The following is an essay by Richard Doerflinger, Associate Director of the Secretariat of Pro-Life Activities at the United States Conference of Catholic Bishops:
When Karol Wojtyla became Pope John Paul II in October 1978, the first “test-tube baby” was three months old. Researchers had learned how to produce human life by joining sperm and egg in the laboratory without sexual union (in vitro fertilization). As we proceed through a new century, such technologies have led to debates about human embryo research, adoption of frozen embryos, human cloning, and genetic engineering of offspring.
The more than 26 years of John Paul II’s pontificate therefore coincided with a new age in mankind’s power over human life at its foundations. And beginning with his first encyclical in 1979, Redemptor Hominis (Redeemer of Man), he called for careful assessment of such developments in light of the inherent dignity of the human person, insisting on the priority of “ethics over technology” (n. 16).
In a series of talks in the 1980s, the Holy Father surprised many with his basically positive judgments about the medical promise of genetics. As always, however, he distinguished valid use from dangerous abuse: Genetic engineering may bring cures and relieve human suffering, but must not be used to manipulate human life or to try to manufacture the “superior” human being.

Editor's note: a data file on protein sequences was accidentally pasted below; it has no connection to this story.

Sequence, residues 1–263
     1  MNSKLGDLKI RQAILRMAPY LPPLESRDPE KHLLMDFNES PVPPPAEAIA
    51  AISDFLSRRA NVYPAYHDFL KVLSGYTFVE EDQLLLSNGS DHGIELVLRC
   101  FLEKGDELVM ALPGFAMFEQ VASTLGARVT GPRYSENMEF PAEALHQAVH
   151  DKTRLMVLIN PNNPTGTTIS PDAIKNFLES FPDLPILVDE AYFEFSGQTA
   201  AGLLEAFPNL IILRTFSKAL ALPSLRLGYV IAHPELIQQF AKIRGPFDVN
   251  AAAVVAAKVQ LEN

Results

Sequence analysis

In 1987, John Paul II approved a Vatican document reaffirming the Church’s rejection of in vitro fertilization -- and of human cloning, then only a speculation. The new document, Donum vitae (Gift of Life), warned prophetically against mistreating human embryos as mere objects of experimentation. But it left the door open to technologies that may help couples have children without reducing procreation to a laboratory procedure.
In Veritatis splendor (Splendor of the Truth) in 1993, John Paul II offered a profound critique of moral relativism and utilitarian thinking, which end by enslaving the vulnerable to the interests and whims of the strong. And in Evangelium Vitae (1995), he solemnly reaffirmed Church teaching against abortion, euthanasia and other attacks on human life, placing the defense of life at the center of the Church’s witness: The “gospel of life” was an integral part of the Gospel.
Finally, by establishing the Pontifical Academy of Life in 1994, Pope John Paul II ensured that the Church would keep studying new developments in human cloning, stem cell research, care of the dying, and many other issues in bioethics. In 2008 his successor, Pope Benedict XVI, approved the document Dignitas personae (The Dignity of the Person) to reaffirm the principles of Donum vitae and apply them to even newer ways to manipulate human life. His lasting legacy is a Church unafraid to confront such issues, confident that it can make a distinctive contribution on behalf of the dignity of each and every human being.